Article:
|01||01||All Special Terrorism Laws Should Be Abolished||20051221|
Provocative ideas which challenge popular opinion are the focus of this new debates series.
Each week a single advocate of a counter cultural thesis faces a lions den of opposition and a panel of critics.
Evan Davis presents a show in which a provocative thesis is put to an audience to debate.Conor Gearty argues the case.
|01||02 LAST||The Welfare State Was A Mistake||20051228|
In the first programme of the series Brendan O'leary, a professor of politics and a former constitutional adviser to the Kurdistan Regional Government argues that Iraq is still on course for a future as a federal pluralist democracy.
He takes on a panel of journalists and analysts at the international affairs think tank, Chatham House.
BBC World Affairs Editor John Simpson is in the chair.
Islamic extremism is being fuelled rather than countered by the government's anti-terrorism strategy, argues Gita Saghal - of Women Against Fundamentalisms.
Gita argues that the groups identified by the government as moderate are nothing of the kind.
Challengers include Islamic thinker Tariq Ramadan, former Guantanamo Bay inmate Moazzam Begg and Daud Abdullah, of the Muslim Council of Britain.
Aid and debt relief are sources of problems rather than salvation for Africa, argues Andrew Mwenda, a Ugandan broadcaster and journalist.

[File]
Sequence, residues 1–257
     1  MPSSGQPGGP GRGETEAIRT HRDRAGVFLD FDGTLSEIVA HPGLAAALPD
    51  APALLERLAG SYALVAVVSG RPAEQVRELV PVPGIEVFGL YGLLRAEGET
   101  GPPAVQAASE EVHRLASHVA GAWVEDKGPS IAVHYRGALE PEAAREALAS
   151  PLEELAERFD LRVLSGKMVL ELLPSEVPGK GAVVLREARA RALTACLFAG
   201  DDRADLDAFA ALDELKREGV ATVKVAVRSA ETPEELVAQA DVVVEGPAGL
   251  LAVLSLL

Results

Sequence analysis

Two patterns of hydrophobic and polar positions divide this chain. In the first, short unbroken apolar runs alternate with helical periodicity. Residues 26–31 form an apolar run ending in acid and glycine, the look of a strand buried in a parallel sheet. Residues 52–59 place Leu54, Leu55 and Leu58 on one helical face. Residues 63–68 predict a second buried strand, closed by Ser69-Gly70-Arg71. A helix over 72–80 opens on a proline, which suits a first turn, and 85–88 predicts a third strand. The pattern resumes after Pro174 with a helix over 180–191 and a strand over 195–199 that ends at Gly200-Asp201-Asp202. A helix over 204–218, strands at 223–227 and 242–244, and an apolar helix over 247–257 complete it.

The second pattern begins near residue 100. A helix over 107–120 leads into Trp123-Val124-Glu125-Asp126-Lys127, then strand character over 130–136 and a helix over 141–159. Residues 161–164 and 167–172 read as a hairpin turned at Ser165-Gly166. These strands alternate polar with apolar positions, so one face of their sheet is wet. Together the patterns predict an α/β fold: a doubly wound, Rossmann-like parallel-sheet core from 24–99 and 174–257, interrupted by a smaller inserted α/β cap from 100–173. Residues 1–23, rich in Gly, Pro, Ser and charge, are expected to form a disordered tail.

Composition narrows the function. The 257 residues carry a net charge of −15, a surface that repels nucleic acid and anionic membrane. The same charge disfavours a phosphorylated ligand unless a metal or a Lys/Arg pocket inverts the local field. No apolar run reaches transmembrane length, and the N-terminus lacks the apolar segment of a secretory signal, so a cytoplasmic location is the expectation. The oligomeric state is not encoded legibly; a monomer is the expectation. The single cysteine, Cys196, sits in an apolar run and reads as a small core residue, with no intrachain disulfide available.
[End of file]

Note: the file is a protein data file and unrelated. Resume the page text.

Andrew tries to win over an audience at the Royal Geographical Society in London.
His challengers include representatives of the charities Oxfam and ActionAid, Prof Adrian Wood of Oxford University and the international development minister Gareth Thomas.
BBC Economics Editor Evan Davis is the referee.
Radical feminist Julie Bindel postulates that sex change operations constitute unnecessary mutilation, before an audience of doctors and transsexual people at the Royal Society of Medicine.
The panel of expert opponents includes gay rights campaigner Peter Tatchell and two people who feel they were born into the wrong gender.
From the Galleries of Justice in Nottingham, Mark Oaten MP argues that we should abolish all prisons.
He takes on a panel of four experts and a sceptical audience which includes local magistrates, police officers and victims of crime.
Patrick Clawson, of the Washington Institute for Near East Policy, argues that it would be better to have a war with Iran than to allow its government to develop nuclear weapons.
He debates the issues with a panel of hecklers, including George Galloway, in front of an audience at Chatham House in London.
Tax specialist Richard Murphy argues at the free market Institute of Economic Affairs that Britain should stop trying to woo the foreign super rich with tax breaks.